EU, China, Immigration: Washington's Dangerous Illusions
Print Friendly and PDF

It is not obvious that the U.S. is headed for a fall. How could it be? Our country is the only superpower. We are the number one military power and the number one economic power. We are the leader in science and technology. Our language is the world language, and our currency is the world currency. 

These successes give us real strengths, but they also make it easier for us to fall prey to illusions. The U.S. has three dangerous illusions. One is that we can maintain our special relationship with Great Britain even as we push the British into the European Community. Once England is part of Europe, we will have lost our most trusted ally of the past 60 years. 

The British, with one foot in Europe and the other in the Atlantic Alliance, have given us the diplomatic leverage to carry our foreign policy. Without this leverage, the U.S. will find itself isolated in Europe by France and EC bureaucrats in Brussels.

The NATO alliance itself will not survive the absorption of the British into the EC. The European army organized by France, the European Rapid Reaction Force, will crowd out NATO. With NATO's demise goes our British and European bases and our ability to project military power far beyond our shores.

The U.S. will be the same country with the same technology, but our reach will have shrunk. The shrinkage will affect economics, diplomacy and our foreign policy.

The shrinkage will embolden those inclined to aggressively pursue their spheres of influence. Here China comes to mind. Our policy toward China is based on the illusion that we can win China over with favors. We have provided China with our secret missile and satellite technology, investment capital, consumer goods technology, and access to our consumer markets. 

This policy of "openness" is supposed to moderate China and make the Chinese into partners. This is one possible outcome, but less desirable ones are as likely. The Chinese could see our policy as stupid or arrogant and be encouraged in their belief that China can reduce or eliminate our influence in Asia.

If we continue to pursue policies that portend our isolation in Europe and Asia, Middle Eastern oil is up for grabs. It is farfetched that our fleet, shorn of its forward bases, can protect our interests in the Middle East. Terrorists have no doubt learned from the mayhem caused by foot and mouth disease in Britain how easy it would be to dissuade any of our former allies who might be inclined to rally around in a time of crisis.

Our third and greatest illusion is our immigration policy. The immigration policy put in place by Democrats in 1965 is changing the racial and cultural composition of the U.S. As experts have noted, assimilation is breaking down due to sustained high rates of immigration from third world countries.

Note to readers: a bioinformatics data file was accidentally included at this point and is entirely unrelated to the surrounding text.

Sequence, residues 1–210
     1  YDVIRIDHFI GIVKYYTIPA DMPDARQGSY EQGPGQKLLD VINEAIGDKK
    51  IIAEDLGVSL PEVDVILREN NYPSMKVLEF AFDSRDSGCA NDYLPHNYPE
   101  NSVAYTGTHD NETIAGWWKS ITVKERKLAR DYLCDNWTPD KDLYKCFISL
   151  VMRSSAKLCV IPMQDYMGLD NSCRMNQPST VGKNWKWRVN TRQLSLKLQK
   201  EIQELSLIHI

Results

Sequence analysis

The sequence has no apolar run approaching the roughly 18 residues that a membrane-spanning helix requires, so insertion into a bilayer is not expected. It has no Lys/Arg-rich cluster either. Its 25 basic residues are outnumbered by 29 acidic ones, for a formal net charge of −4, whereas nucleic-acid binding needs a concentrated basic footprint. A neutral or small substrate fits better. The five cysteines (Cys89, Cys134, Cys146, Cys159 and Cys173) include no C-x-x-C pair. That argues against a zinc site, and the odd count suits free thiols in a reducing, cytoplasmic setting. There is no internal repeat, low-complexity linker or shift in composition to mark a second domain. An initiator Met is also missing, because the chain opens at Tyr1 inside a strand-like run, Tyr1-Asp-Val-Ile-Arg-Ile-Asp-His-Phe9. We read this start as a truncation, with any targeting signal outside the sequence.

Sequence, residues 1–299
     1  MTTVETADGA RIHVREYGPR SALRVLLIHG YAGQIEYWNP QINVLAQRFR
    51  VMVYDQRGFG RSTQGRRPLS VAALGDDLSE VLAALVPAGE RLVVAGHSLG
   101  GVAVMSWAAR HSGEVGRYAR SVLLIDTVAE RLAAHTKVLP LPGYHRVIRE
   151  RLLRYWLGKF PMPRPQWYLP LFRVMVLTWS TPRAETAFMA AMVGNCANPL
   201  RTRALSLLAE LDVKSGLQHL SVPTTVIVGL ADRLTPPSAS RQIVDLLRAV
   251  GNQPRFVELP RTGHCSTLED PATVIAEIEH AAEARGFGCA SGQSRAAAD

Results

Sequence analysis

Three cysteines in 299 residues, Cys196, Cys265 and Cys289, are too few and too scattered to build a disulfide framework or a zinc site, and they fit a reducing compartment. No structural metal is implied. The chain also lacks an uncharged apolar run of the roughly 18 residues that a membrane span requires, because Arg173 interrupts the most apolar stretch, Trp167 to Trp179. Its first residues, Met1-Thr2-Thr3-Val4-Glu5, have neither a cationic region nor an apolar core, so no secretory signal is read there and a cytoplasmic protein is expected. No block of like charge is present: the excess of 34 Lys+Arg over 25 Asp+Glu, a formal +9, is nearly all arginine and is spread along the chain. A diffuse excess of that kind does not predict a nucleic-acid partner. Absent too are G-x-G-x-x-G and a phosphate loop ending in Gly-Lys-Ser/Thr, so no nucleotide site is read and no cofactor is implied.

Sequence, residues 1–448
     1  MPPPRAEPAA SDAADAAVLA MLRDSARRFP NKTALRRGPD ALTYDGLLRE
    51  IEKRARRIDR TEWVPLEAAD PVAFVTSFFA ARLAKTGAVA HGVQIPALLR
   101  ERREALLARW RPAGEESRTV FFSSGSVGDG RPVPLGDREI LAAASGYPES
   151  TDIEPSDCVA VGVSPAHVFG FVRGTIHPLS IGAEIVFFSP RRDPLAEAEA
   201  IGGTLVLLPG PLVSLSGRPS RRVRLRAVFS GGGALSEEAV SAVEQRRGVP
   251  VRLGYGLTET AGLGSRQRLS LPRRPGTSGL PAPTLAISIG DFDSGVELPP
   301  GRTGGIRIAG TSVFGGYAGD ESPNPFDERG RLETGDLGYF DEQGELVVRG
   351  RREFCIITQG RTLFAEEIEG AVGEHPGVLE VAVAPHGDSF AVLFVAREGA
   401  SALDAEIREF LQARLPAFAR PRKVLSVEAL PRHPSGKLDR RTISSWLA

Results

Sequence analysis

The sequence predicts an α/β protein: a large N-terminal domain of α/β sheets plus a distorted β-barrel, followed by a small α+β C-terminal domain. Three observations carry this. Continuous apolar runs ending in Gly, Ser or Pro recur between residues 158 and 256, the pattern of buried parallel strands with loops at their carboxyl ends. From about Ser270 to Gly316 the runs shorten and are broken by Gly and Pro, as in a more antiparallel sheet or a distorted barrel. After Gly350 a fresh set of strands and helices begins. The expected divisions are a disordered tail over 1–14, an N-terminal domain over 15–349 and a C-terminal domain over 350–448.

Two other reasons are causing a halt to assimilation. One is an unexpected consequence of U.S. civil rights policy. In order to jumpstart integration of blacks into society, "preferred minorities" were (unconstitutionally) given privileged legal standing. 

These legal privileges were supposed to be temporary and, therefore, no lasting threat to equality in law. However, these privileges are now a 35-year-old inherited right. Getting rid of these temporary privileges is proving to be a massive struggle that may be lost. Many American elites support differential group rights as a way of achieving equality of result. Moreover, as Tony Smith, a scholar at Tufts University, points out in a new book published by Harvard, the retention of these racial privileges is supported "by an ever more powerful Mexican-American lobby."

The combination of civil rights and immigration policies has created a situation in which millions of immigrants, none of whom are victims of alleged past discrimination in the U.S., find themselves privileged over native-born white Americans. A caste society is gradually emerging in which white Americans are second-class citizens.

The second reason assimilation has halted is the rise of "multiculturalism" in education. Education has two primary functions—literacy and enculturation. With the emphasis on diversity and deconstruction of "hegemonic European culture," enculturation has broken down even among whites.

A country whose civil rights and immigration policies have produced a nation of adversaries with differential group rights and no common culture, and whose foreign policy is eliminating its ability to project power, will not continue to be a major player on the world scene. A Chinese warlord looking ahead 30 years could easily conclude that the U.S. will not be an obstacle.

Paul Craig Roberts is the author (with Lawrence M. Stratton) of The New Color Line : How Quotas and Privilege Destroy Democracy


April 10, 2001

Print Friendly and PDF